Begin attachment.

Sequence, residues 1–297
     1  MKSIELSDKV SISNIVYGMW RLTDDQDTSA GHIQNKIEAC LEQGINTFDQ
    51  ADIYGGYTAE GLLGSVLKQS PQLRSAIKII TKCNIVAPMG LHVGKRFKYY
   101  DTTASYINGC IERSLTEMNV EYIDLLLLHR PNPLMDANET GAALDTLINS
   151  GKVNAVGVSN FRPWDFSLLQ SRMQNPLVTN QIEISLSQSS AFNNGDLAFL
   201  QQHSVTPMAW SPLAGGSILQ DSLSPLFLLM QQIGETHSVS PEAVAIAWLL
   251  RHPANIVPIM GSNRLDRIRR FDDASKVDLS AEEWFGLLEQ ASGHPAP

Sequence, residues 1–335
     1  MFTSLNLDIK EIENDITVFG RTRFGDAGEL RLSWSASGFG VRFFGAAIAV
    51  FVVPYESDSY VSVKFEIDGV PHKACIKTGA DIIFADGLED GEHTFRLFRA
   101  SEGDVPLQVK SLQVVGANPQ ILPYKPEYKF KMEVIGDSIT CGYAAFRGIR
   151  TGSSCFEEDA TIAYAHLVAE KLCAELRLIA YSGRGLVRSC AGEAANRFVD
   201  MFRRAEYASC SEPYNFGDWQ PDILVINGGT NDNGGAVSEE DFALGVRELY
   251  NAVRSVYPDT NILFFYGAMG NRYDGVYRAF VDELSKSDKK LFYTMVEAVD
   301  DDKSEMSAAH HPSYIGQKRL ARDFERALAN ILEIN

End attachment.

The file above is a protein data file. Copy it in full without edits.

Sequence, residues 1–297
     1  MKSIELSDKV SISNIVYGMW RLTDDQDTSA GHIQNKIEAC LEQGINTFDQ
    51  ADIYGGYTAE GLLGSVLKQS PQLRSAIKII TKCNIVAPMG LHVGKRFKYY
   101  DTTASYINGC IERSLTEMNV EYIDLLLLHR PNPLMDANET GAALDTLINS
   151  GKVNAVGVSN FRPWDFSLLQ SRMQNPLVTN QIEISLSQSS AFNNGDLAFL
   201  QQHSVTPMAW SPLAGGSILQ DSLSPLFLLM QQIGETHSVS PEAVAIAWLL
   251  RHPANIVPIM GSNRLDRIRR FDDASKVDLS AEEWFGLLEQ ASGHPAP

Sequence, residues 1–335
     1  MFTSLNLDIK EIENDITVFG RTRFGDAGEL RLSWSASGFG VRFFGAAIAV
    51  FVVPYESDSY VSVKFEIDGV PHKACIKTGA DIIFADGLED GEHTFRLFRA
   101  SEGDVPLQVK SLQVVGANPQ ILPYKPEYKF KMEVIGDSIT CGYAAFRGIR
   151  TGSSCFEEDA TIAYAHLVAE KLCAELRLIA YSGRGLVRSC AGEAANRFVD
   201  MFRRAEYASC SEPYNFGDWQ PDILVINGGT NDNGGAVSEE DFALGVRELY
   251  NAVRSVYPDT NILFFYGAMG NRYDGVYRAF VDELSKSDKK LFYTMVEAVD
   301  DDKSEMSAAH HPSYIGQKRL ARDFERALAN ILEIN